Paixão LC, et al. Chagas disease: Independent risk factor for stroke. Stroke 2009;40:3691-3694.

"TIAs" May Be Caused by Focal Cortical Subarachnoid Hemorrhage

The authors, from Sunnybrook Health Sciences Center in Toronto, report 4 patients, all elderly (68-85 years), who presented with recurrent episodes of unilateral paresthesias beginning in the face or arm, and spreading over the contiguous body regions at a speed similar to migraine aura (about 20 minutes) and followed by unilateral headache. The time course of symptoms was consistent with the phenomenon of "speading cortical depression." Brain imaging with CT and MRI revealed a small focus of subarachnoid hemorrhage (SAH) in a cortical sulcus in the hemisphere contralateral to the sensory symptoms. The focus of SAH was clearly seen on gradient-echo MRI, and cerebral angiography did not show any vascular lesions to explain the SAH. The authors speculate that these patients probably have cerebral amyloid angiopathy (CAA) as a cause for the focal, spontaneous SAH. Focal, cortical SAH has been shown to induce "speading cortical depression" and other investigators have reported similar cases in patients with CAA. Pathologically, the meningeal vessels are heavily infiltrated with amyloid and the subarachnoid space is often the place where cerebral hemorrhage begins in these patients. Antiepileptic medications had a variable benefit in preventing the episodes, but in all cases, the spells stopped after several months.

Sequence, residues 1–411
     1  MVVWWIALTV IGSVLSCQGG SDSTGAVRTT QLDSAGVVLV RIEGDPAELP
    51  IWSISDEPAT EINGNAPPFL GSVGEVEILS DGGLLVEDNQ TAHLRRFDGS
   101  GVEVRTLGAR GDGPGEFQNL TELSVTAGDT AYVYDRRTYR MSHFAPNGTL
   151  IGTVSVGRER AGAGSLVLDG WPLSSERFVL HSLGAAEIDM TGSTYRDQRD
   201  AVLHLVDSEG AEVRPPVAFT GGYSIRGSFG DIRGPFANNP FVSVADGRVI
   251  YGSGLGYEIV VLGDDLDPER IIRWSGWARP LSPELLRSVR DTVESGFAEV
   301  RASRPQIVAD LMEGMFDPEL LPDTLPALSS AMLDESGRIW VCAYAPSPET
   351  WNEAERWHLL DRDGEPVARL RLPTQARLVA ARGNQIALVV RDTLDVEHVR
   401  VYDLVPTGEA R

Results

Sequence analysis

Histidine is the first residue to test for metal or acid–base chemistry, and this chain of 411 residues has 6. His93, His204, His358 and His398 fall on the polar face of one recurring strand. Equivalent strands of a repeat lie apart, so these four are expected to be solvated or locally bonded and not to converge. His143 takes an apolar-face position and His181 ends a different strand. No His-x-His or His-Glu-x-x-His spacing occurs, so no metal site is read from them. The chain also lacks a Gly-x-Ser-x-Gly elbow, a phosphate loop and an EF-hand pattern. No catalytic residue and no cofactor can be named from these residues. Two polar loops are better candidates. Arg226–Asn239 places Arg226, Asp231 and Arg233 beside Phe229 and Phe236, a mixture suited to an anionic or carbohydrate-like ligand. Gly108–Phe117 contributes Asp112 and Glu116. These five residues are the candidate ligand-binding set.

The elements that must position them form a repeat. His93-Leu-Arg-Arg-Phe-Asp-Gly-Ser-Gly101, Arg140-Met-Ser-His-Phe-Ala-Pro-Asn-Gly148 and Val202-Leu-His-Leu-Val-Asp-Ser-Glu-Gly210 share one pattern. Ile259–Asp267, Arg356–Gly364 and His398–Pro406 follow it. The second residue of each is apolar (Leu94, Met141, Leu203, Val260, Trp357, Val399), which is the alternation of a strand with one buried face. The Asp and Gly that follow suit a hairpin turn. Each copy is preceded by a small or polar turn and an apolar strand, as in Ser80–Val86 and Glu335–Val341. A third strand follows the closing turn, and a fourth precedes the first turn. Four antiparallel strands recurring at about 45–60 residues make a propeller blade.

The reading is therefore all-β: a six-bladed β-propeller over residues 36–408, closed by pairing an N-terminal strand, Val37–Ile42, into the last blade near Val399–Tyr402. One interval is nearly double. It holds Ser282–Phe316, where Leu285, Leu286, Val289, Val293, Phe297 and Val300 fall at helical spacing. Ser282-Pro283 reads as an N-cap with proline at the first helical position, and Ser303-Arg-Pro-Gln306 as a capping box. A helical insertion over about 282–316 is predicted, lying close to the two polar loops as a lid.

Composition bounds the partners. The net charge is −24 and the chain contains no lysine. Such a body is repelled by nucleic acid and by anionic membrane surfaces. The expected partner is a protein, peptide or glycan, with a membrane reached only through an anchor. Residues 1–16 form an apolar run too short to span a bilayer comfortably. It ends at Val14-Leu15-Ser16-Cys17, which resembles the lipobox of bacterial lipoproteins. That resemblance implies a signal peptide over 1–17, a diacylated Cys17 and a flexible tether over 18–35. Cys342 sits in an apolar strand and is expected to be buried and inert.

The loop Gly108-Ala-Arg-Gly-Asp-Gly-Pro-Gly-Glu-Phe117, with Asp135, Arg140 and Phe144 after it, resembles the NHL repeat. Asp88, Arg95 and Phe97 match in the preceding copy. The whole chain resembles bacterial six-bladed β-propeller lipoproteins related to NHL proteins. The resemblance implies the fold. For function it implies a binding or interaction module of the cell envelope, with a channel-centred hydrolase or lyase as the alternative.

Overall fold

Izenberg A, et.al. Crescendo transient aura attacks: A transient ischemic attack mimic caused by focal subarachnoid hemorrhage. Stroke 2009;40:3725-3729.

Phenytoin Use May Worsen Outcome after Intracerebral Hemorrhage

There is considerable debate over the use of prophylactic antiepileptic medications (AED) in patients with subarachnoid hemorrhage (SAH) and intracerebral hemorrhage (ICH). Recently, large survey series have indicated that overall functional outcome and mortality may be worse in patients with SAH who are prophylactically treated with phenytoin, and guidelines now recommend AED use for only a few days after the acute episode. In this prospective, observational study from Northwestern University in Chicago, 98 patients with ICH were followed, free-phenytoin levels were measured, and patients with depressed consciousness were monitored with continuous electroencephalography (EEG). Seven patients had a clinical seizure—five on the day of the ICH. Phenytoin use was associated with more fever, worse NIH stroke scale and modified Rankin at 14 days, and an increased risk of poor outcome at three months. Levetiracetam, a newer medication with limited use, could not be assessed in this study.

Naidech AM, et al. Anticonvulsant use and outcomes after intracerebral hemorrhage. Stroke 2009;40:3810-3815.